A 7.1 surround system has all of the elements of a 5.1 channel system and adds two more back speakers. It is an eight-channel system and is generally used in home theaters. In any 7.1 home theater surround system, the addition of two speakers in the rear gives a full experience of rounded sound because the two sides surround speakers would not be liable for both back and surround sound.
Location of the speaker for the original six channels of a 5.1 surround system, but the two back speakers should be placed ideally at a 135-degree to a 150-degree angle from the center channel for an optimal surround sound experience.
The 7.1.2 Surround Sound Systems
This configuration may seem complex when looking at the numbers, but the 7.1.2 surround system means a 7.1 surround sound setup. It has an additional two celling or upward-firing speakers. This setup is generally created with the help of Dolby Atmos if you want to learn more new things about the Dolby Atmos 7.1.2 speaker configuration and setup.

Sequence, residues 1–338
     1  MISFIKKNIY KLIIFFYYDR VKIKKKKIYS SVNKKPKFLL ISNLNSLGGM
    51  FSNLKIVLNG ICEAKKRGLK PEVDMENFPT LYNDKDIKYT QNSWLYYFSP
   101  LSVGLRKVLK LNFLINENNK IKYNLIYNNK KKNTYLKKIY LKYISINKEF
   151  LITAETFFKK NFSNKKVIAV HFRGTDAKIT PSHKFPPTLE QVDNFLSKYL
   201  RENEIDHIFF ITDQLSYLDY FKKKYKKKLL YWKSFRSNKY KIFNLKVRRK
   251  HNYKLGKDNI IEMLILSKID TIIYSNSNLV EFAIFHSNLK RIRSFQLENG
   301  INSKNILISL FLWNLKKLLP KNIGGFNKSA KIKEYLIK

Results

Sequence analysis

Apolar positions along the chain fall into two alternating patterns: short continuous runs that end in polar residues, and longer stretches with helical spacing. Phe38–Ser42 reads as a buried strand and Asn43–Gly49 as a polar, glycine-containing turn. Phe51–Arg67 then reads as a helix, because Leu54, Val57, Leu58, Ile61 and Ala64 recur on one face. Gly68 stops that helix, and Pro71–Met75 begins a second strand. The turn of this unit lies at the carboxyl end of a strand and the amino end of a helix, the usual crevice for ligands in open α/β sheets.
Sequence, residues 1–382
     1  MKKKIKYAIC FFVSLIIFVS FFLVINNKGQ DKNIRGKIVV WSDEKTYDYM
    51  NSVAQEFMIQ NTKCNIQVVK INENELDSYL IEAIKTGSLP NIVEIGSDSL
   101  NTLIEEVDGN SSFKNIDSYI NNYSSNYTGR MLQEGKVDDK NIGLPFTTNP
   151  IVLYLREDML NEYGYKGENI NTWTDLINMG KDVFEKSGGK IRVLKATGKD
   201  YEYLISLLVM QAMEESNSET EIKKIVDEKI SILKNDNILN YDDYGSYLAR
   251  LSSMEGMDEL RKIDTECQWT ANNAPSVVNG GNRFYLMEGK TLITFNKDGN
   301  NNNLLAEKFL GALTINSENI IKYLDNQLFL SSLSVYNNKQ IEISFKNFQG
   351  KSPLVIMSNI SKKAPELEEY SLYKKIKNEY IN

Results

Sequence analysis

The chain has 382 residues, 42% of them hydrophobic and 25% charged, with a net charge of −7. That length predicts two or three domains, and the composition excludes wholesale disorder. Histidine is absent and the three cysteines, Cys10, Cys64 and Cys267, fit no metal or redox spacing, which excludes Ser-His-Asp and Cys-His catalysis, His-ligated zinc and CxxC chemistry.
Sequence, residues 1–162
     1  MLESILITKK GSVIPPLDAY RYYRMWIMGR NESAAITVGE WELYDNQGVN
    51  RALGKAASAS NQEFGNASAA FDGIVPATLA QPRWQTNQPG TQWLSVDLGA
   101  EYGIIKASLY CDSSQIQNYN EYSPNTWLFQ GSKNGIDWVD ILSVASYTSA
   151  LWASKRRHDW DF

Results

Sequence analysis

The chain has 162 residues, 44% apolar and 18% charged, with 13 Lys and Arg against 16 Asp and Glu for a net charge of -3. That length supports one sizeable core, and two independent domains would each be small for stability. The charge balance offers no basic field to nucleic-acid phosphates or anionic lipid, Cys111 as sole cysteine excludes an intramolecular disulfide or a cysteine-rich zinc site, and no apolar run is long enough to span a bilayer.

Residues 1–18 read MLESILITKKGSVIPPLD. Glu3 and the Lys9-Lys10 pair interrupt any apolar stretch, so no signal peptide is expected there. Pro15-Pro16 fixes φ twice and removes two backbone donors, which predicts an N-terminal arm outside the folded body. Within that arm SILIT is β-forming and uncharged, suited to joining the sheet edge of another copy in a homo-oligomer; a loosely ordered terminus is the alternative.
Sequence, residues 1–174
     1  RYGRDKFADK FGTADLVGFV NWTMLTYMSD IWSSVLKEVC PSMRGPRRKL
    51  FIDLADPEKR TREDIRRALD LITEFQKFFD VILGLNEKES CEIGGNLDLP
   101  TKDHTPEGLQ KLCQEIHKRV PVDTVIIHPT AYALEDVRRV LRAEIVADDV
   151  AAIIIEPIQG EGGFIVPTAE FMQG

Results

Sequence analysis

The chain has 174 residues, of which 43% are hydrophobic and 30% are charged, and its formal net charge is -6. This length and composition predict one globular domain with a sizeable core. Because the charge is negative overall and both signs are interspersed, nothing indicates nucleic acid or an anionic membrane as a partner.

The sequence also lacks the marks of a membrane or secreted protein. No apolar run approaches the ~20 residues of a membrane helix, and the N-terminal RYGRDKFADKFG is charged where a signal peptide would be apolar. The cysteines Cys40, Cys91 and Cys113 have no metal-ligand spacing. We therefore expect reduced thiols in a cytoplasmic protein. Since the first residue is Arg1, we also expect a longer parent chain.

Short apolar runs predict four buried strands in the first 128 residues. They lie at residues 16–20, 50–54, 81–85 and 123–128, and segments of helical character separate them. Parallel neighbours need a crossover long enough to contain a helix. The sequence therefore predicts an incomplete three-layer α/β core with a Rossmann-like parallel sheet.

This surround system is best to use on a flat ceiling made of drywall or plaster. The height of the ceiling shouldn’t be more than 14 feet. This system is a higher-end experience of home theater.
This technology has become more common in home theaters. It gives a top-of-the-line, realistic, and immersive home theater experience. It also creates a dome of sound in the home theater. As long as the receiver is Dolby Atmos compatible, it could achieve this configuration.
The 7.2 Surround Sound Systems
The 7.2 home theater surround system is becoming a more wide surround sound speaker layout. Nowadays, more receivers are supporting this configuration. It has all of the elements of the 7.1 surround sound setup. But if you are adding one more subwoofer for a receiver to support this configuration. It will need two subwoofer outputs.
Some people are happy with one subwoofer. Other people use the 7.2 set up to balance bass in home theater. It is better than instead of loud or soft bass in different places of the room. The bass is equally distributed, and no matter wherever you are sitting, you could get the same bass experience.
If you love bass and you want to invest in an additional subwoofer, the 7.2 home theater surround system would be the best choice for you. Be careful; your neighbors could get annoyed with too much bass sound.
The Ultimate Experiences of 9.1 and 9.1.2 Surround Sound Systems
The 9.1 Home Theater Surround Systems